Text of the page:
JT: Not necessarily. NAC would continue to own the airports. If there is an appetite in the market by airport investors, we will have to have that model for Port Moresby in the next three years. With regards the other airports, for example, Mt Hagen, makes about K1 million in revenue and it costs about K1.5 million to operate. What we are doing is working with the National and Provincial Governments and airport users in the provinces to have a sustainable funding model so everyone can chip in to finance those operations. We have a plan for an airport city development. We are planning to go out and get Expressions of Interest from potential investors who might be interested in building hotels, offices, Direct Factory Outlets. If the provincial governments don’t want to get involved, then we will need central government to provide through a Community Service Obligation (CSO). What we need is a sustainable funding model for the regional airports.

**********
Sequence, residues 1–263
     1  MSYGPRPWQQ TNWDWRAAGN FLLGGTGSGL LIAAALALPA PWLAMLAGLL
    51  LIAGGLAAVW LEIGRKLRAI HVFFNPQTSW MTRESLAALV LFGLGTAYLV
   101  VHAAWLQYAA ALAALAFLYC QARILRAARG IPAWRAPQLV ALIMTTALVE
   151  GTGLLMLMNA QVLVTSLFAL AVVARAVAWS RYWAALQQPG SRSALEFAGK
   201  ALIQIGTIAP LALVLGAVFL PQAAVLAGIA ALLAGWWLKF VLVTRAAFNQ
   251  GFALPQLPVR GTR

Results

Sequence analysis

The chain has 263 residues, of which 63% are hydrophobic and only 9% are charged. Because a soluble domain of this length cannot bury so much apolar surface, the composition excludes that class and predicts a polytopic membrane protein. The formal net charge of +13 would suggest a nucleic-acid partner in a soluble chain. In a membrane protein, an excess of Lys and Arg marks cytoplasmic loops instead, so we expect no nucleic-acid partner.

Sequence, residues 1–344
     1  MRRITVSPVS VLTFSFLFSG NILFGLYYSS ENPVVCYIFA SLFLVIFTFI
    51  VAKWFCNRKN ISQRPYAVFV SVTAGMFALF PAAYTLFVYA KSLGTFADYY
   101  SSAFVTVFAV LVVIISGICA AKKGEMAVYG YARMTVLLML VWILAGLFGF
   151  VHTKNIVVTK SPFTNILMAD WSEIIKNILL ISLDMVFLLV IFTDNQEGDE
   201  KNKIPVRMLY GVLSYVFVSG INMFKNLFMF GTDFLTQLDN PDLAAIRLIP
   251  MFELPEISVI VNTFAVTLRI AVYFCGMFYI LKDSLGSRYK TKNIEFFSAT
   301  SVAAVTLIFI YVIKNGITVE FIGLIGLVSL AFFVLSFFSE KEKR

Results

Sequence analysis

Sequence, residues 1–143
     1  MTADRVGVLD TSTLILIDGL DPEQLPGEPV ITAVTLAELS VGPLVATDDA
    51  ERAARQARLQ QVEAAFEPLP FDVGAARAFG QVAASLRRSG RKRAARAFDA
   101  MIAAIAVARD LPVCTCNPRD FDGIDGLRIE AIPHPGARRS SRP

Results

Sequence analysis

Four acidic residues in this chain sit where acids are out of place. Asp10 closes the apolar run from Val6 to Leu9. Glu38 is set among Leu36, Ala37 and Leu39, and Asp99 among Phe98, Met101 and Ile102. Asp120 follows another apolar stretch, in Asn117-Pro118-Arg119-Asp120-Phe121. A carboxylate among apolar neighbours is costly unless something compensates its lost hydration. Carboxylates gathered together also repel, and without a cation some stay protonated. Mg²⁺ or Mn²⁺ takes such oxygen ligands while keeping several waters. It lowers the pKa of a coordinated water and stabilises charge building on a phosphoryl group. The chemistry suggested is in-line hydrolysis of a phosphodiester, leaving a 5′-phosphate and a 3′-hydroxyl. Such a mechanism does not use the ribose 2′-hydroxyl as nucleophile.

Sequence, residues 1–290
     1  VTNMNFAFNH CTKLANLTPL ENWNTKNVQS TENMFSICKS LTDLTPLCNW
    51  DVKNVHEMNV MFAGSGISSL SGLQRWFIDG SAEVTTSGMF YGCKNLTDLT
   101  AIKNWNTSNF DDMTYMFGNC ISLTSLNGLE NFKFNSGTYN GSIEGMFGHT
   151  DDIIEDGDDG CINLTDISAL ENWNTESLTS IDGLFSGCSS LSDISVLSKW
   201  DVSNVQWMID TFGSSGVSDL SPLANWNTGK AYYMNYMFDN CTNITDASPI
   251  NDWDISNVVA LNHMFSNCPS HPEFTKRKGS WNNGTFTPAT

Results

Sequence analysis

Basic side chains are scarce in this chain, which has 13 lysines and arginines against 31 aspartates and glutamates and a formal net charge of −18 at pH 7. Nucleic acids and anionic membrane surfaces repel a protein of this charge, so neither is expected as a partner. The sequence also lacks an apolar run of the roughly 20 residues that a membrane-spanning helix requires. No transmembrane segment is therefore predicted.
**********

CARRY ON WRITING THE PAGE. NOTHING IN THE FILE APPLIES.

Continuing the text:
BAPNG: You own a lot of land at Port Moresby airport. Are you planning to sell or lease any of that land?
JT: At the moment, the aerodrome is occupied by NAC by a Certificate of Authorised Occupancy under the Aerodrome Concessions Act and that does not permit the sale of aerodrome land. But we can issue long-term leases. We have a plan for an airport city development. We are planning to go out and get Expressions of Interest from potential investors who might be interested in building hotels, offices, direct factory outlets. As you know, the Kookaburra flyover will be completed by April/May next year and that is going to open up a lot of opportunities for activities at the airport. It will be only a five-minute drive from the government offices in Waigani to us, so there is the potential to develop the precinct here. It’s very exciting, stimulating, but hard work, I tell you.